In their view, our war against Bashar Assad did not begin with the peaceful civil protests of the Arab Spring in 2011. Instead it began in 2000, when Qatar proposed to construct a $10 billion, 1,500 kilometer pipeline through Saudi Arabia, Jordan, Syria and Turkey… . Secret cables and reports by the U.S., Saudi and Israeli intelligence agencies indicate that the moment Assad rejected the Qatari pipeline, military and intelligence planners quickly arrived at the consensus that fomenting a Sunni uprising in Syria to overthrow the uncooperative Bashar Assad was a feasible path to achieving the shared objective of completing the Qatar/Turkey gas link. In 2009, according to WikiLeaks, soon after Bashar Assad rejected the Qatar pipeline, the CIA began funding opposition groups in Syria. It is important to note that this was well before the Arab Spring-engendered uprising against Assad. . . . Not coincidentally, the regions of Syria occupied by the Islamic State exactly encompass the proposed route of the Qatari pipeline… . And only when we see this conflict as a proxy war over a pipeline do events become comprehensible…… Qatar, which had the most to gain, invested $3 billion in building the insurgency and invited the Pentagon to train insurgents at U.S. bases in Qatar…… As predicted, Assad’s overreaction to the foreign-made crisis polarized Syria’s Shiite/Sunni divide and allowed U.S. policymakers to sell Americans the idea that the pipeline struggle was a humanitarian war.
Obviously, it is the USA that fomented and engineered the war in Syria. Doing this had nothing to do with “human rights and freedom”… it had everything to do with oil and natural gas policies that Syria had the audacity to oppose.
The Syrian war has been raging since 2011, leading to the deaths of an estimated 400,000 people, according to UN estimates. As Kennedy pointed out in his article, the conflict began when the US-backed opposition started an armed rebellion against President Assad’s government. Although this is regularly portrayed as a “civil war,” it is nothing of the kind. The US State Department has recently admitted that “an excess of 40,000 total foreign fighters have gone to the conflict [in Syria] from over 100 countries.” The war has been funded by billions of dollars, primarily by Saudi Arabia and Qatar, and indirectly by the USA through its on-going CIA operations that provide military training and the latest weapons, including artillery and anti-tank guns.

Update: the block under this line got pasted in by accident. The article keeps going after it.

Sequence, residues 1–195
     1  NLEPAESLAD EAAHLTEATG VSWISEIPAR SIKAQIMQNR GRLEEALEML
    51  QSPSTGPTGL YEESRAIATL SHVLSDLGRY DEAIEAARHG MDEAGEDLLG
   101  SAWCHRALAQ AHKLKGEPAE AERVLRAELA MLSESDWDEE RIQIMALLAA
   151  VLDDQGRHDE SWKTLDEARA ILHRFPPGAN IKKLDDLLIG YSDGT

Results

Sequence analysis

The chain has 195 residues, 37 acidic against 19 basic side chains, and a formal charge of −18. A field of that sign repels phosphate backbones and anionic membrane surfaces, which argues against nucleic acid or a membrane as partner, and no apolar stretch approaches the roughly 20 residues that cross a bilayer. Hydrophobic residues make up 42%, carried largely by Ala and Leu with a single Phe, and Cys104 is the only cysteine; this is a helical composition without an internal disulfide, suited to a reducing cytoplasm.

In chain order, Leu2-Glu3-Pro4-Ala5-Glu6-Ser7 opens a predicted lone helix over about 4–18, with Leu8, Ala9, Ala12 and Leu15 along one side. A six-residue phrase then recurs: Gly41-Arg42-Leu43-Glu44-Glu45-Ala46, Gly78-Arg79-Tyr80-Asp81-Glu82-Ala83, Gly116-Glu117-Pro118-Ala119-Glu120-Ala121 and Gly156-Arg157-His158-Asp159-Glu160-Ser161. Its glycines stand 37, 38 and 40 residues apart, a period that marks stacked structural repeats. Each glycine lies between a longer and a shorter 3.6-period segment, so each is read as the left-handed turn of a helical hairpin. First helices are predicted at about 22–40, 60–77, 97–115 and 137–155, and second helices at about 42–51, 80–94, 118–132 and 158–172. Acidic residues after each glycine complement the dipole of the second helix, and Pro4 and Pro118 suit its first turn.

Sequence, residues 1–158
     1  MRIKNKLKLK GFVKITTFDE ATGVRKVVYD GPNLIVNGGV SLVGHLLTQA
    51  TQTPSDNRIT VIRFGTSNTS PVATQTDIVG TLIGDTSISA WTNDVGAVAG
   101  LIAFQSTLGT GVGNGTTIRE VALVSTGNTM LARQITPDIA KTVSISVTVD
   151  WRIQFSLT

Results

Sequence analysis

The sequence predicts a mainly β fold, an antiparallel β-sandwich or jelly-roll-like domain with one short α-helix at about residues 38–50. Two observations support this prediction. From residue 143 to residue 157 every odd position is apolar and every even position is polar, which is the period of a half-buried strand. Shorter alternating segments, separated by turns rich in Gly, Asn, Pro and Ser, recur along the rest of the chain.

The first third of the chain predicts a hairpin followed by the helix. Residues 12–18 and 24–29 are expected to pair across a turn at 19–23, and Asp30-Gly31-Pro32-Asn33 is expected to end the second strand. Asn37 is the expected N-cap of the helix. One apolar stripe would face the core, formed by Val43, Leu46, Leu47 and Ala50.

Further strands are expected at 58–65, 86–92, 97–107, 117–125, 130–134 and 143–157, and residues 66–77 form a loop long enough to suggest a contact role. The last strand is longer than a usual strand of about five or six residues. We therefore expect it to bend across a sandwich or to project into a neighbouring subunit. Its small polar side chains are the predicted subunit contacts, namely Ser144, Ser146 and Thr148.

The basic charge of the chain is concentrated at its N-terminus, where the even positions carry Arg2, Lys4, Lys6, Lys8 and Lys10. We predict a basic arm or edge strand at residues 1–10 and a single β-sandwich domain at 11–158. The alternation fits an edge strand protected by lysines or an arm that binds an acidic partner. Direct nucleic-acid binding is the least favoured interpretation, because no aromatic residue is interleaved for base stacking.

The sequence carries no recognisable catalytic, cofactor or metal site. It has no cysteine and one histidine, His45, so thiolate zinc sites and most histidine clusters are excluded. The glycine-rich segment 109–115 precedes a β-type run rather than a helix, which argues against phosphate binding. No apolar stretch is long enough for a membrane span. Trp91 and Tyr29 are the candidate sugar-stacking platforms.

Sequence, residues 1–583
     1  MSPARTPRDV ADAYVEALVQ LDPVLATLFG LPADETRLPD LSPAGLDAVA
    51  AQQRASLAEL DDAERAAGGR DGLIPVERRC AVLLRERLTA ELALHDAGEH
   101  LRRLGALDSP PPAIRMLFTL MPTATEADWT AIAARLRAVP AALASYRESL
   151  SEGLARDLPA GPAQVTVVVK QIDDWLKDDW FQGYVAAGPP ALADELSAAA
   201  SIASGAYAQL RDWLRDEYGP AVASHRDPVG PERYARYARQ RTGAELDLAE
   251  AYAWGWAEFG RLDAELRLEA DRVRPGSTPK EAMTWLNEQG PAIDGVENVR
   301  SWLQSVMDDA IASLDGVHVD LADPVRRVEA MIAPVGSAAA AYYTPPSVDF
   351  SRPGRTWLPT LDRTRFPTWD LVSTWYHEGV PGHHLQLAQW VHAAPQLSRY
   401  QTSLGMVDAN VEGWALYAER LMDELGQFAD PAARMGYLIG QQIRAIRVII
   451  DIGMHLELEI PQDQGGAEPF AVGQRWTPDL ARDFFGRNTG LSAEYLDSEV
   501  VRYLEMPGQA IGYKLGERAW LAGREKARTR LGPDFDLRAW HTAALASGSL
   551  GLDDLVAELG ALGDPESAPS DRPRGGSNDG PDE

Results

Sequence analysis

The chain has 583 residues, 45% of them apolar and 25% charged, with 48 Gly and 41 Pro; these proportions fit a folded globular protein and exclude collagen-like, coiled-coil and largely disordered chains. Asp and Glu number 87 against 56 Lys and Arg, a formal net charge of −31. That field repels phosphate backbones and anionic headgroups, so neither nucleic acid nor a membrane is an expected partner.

A new report citing former CIA officers has revealed that the CIA was knowingly providing weapons, including tow missiles to fighters that were effectively part of Al Qaeda’s Nusra Front, and was continuing to arm “moderates” so long as they at least nominally kept their moderate names. As the war continued, these so-called “moderates” were defecting en masse to Al Nusra and other Al Qaeda forces. But so long as they retained their “Free Syrian Army” name the CIA could feign arming “moderates” – they didn’t care so long as they were arming a group that was fighting against the Syrian government. A Green Beret associated with the CIA programs has recently stated, “No one on the ground believes in this mission or this effort, and they know we are just training the next generation of jihadis, so they are sabotaging it by saying, ‘Fuck it, who cares?’”
Contrary to the myth of the ‘moderate rebel’, they all operate basically as terrorists and these groups most often work together. For example, a top US-backed leader of the Free Syrian Army (FSA), Abdel Jabbar al-Okaidi, is quite open about the fact that he works closely with ISIL-Daesh. The FSA has worked closely with the other main Al Qaeda group, Jabhat al Nusra, right from the very beginning.